How is Today’s Technology Paving the Way for the Cars of Tomorrow?
Despite many concerns and cautionary tales, the innovative technology built today will be well-suited for the cars of tomorrow. Whether it’s switching modes across different weather conditions, adapting to environmental changes, or detecting roadwork, the technology built today will transform the experience on the roads tomorrow.
Thanks to in-car displays, navigation can travel effortlessly from the phone to the car. The act of looking at a display singlehandedly enhances the driving experience unlike the distraction of looking at a smart phone while driving. While self-driving cars may still have their ups and downs on the road, such capabilities will see greater success in navigating stationery objects in parking situations. And, a car that can successfully park itself will be welcomed by its user.
The Car is Becoming a Part of the User’s Device Ecosystem.
Integration of existing voice assistants into the car allow the user to control other parts of his ecosystem through his or her vehicle. Having your lights at home turn on as you approach, being able to remotely turn off the stove or lock the front door are all creating a connected, seamless and continuous everyday environment.
“It is critical for strategists, innovators, designers and automakers to remember that change, no matter how momentous, must be slow, measured and deeply rooted in empathy if we truly want the vehicles and the technology of the future to be adopted and embraced."
Vice President and Global Head, User Experience
HUEMEN, HARMAN International
A Car with a Mind of its Own
The world is starting to create cars with greater intuition. Automakers are beginning to explore the possibilities of collecting and using physiological data to aid the driver. With cameras that can track eye movement, blink rate, infrequency of motion, heart rate, or other types of driver or occupant monitoring, the car may be able to detect states of tiredness, lethargy and anxiety to offer suggestions on the fly. These innovations naturally come together with some apprehension, which begs the following question…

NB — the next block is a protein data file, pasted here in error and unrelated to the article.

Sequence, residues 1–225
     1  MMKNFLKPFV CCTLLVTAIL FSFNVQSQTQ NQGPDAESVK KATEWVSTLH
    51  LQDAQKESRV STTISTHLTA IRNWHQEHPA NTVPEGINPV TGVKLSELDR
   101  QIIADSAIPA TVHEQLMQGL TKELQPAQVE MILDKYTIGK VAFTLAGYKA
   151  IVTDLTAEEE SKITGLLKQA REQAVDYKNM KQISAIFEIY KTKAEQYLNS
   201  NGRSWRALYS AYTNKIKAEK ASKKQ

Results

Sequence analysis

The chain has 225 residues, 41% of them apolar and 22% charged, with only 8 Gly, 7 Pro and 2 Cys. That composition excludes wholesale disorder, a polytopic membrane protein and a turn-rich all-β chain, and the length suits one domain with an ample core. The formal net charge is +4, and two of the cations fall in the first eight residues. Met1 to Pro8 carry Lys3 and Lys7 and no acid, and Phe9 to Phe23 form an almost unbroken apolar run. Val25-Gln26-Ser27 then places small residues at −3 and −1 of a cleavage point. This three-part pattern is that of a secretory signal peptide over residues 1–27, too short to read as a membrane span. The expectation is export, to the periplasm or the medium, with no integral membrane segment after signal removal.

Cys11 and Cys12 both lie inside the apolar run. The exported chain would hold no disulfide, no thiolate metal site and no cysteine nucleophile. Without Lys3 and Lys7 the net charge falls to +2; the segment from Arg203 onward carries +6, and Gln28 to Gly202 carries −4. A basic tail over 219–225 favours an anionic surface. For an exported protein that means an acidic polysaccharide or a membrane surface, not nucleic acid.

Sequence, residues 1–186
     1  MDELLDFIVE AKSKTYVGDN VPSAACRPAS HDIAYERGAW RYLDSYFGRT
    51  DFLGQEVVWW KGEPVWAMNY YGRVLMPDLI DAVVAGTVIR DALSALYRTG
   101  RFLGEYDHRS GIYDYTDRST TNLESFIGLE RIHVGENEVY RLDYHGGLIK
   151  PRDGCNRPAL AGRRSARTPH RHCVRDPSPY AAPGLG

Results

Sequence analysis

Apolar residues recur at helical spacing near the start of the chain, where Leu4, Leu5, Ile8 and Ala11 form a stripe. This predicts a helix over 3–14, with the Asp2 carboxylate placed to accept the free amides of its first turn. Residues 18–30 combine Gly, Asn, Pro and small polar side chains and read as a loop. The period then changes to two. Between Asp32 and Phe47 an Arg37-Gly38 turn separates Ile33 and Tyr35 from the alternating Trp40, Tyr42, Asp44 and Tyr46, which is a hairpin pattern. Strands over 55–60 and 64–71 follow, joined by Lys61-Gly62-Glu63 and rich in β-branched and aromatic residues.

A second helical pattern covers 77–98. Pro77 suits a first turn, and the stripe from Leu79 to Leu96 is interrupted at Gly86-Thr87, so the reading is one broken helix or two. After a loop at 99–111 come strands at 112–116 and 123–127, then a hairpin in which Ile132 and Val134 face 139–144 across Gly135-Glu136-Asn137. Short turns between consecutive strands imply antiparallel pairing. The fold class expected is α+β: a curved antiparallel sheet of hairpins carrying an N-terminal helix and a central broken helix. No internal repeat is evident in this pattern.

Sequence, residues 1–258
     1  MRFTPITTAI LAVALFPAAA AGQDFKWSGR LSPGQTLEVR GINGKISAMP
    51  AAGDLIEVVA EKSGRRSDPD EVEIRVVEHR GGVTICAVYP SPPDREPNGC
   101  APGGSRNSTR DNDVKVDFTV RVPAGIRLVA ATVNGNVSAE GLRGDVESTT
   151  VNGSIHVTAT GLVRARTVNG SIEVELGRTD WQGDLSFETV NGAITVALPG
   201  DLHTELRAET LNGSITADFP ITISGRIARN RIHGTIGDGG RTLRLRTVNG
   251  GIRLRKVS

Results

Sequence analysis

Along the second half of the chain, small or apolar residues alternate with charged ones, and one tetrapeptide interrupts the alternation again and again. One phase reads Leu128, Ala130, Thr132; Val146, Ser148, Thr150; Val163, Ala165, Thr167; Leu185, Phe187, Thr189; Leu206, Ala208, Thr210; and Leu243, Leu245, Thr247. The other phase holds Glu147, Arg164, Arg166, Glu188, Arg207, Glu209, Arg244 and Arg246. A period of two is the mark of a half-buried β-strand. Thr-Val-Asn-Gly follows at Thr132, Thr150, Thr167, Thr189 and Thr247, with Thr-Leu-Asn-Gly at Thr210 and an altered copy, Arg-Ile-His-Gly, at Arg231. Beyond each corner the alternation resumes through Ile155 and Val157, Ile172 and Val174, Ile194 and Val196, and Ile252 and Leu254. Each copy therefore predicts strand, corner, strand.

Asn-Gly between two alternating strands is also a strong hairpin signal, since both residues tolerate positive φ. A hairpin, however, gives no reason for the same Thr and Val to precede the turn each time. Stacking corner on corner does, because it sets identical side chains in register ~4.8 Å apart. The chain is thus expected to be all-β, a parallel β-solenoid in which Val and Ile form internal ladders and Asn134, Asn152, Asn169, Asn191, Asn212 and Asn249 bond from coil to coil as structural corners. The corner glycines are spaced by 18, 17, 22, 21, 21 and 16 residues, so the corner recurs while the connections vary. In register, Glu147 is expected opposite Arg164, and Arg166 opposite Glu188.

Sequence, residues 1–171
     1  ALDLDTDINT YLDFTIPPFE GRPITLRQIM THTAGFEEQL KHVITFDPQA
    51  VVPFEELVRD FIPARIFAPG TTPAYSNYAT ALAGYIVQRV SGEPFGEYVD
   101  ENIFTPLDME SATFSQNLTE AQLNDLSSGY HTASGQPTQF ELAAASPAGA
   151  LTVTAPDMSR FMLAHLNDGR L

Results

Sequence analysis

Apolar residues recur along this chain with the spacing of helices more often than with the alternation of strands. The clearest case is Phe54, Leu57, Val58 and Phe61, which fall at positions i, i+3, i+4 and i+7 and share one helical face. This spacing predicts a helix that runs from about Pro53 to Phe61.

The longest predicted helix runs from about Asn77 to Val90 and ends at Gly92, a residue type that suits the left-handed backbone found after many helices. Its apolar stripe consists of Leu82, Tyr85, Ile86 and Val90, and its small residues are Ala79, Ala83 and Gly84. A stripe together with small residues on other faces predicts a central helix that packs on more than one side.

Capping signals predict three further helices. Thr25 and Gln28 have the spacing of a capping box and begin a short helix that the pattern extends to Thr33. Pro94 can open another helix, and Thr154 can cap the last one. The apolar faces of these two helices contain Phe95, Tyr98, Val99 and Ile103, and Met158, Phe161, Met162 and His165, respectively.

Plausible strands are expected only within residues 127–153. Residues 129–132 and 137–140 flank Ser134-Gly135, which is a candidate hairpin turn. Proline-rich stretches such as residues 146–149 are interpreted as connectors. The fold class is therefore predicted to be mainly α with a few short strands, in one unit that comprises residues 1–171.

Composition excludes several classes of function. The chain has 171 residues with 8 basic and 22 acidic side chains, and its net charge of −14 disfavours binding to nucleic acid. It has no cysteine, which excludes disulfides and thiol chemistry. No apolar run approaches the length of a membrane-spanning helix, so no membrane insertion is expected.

In what situations do you not want control taken away from you?
It might be useful for the car to detect when a driver is too cold and automatically point the AC vents away—instead of forcing the him/her to fumble with the vents. But when it comes to primary driver functions, a user may still want the tangible satisfaction of pressing down on an accelerator or turning the steering wheel.
When one imagines the car of the future, it almost always involves an impressive HUD overlaying one’s windshield view. Drivers can now buy inexpensive devices that can project their smartphone displays onto their windshield, so they don’t have to look away from the road. Pre-defined HUD Systems are installed in many of today’s vehicles—especially in the luxury car market.
Intelligent enough to personalize its user’s experience.
From being able to detect different inhabitants, learning music preferences, adjusting temperature, seating and mirror positioning, setting up your car to suit your taste is easier than ever with the ability to create presets.
Just as humans have made the transition from phones to smartphones to voice assistants, change is possible. Human beings are built for adaptation and are capable of easily adjusting to new interactive profiles in s seamless manner—while reaping the many benefits of advance technology. For more information on Automotive UI & HMI Design capabilities provided by HARMAN’s Design Agency - HUEMEN, click here.